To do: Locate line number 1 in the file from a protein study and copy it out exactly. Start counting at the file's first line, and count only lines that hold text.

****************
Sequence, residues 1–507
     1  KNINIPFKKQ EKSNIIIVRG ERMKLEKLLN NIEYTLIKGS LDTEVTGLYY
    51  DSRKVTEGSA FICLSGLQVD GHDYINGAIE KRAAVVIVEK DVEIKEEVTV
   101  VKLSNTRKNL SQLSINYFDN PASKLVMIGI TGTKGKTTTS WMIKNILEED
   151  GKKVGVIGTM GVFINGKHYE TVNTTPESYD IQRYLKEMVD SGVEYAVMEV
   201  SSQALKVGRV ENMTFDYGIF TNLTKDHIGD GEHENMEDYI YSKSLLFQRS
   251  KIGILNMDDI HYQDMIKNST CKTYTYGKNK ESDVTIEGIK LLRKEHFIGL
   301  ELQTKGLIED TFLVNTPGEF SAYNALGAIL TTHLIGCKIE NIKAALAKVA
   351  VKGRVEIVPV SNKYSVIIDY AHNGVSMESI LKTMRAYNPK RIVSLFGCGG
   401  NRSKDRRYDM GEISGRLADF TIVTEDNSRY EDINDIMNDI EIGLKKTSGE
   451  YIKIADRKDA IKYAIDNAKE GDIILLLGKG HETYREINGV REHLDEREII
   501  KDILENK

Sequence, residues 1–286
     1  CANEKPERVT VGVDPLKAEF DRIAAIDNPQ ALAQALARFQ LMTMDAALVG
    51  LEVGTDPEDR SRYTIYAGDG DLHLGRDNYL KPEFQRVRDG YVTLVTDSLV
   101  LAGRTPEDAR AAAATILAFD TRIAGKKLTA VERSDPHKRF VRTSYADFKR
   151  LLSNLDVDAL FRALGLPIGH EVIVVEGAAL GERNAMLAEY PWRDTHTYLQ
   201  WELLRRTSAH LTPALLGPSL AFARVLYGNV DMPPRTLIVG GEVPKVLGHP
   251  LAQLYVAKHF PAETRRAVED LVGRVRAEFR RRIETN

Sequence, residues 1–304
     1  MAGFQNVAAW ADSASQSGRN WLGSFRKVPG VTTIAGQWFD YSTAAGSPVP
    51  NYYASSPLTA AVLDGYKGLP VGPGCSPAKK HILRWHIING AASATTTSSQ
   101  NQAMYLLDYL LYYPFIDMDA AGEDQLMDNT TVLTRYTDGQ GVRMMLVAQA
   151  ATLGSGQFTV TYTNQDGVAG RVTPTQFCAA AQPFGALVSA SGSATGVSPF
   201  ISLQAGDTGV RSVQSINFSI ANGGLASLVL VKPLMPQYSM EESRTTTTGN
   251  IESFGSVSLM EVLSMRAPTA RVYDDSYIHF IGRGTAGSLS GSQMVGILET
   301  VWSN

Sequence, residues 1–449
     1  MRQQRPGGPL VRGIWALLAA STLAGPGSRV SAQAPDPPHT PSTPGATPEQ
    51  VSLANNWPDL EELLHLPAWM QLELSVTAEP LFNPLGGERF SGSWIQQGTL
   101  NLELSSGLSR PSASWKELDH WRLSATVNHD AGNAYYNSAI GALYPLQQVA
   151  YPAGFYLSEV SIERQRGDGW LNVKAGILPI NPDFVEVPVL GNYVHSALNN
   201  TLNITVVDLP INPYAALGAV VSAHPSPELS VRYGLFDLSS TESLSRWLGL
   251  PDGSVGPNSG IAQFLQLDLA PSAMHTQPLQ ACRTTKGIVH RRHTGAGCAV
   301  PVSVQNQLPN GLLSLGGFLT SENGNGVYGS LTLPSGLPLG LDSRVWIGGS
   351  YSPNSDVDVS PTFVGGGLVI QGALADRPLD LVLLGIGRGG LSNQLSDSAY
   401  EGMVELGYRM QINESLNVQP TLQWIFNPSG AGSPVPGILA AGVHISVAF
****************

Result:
Sequence, residues 1–507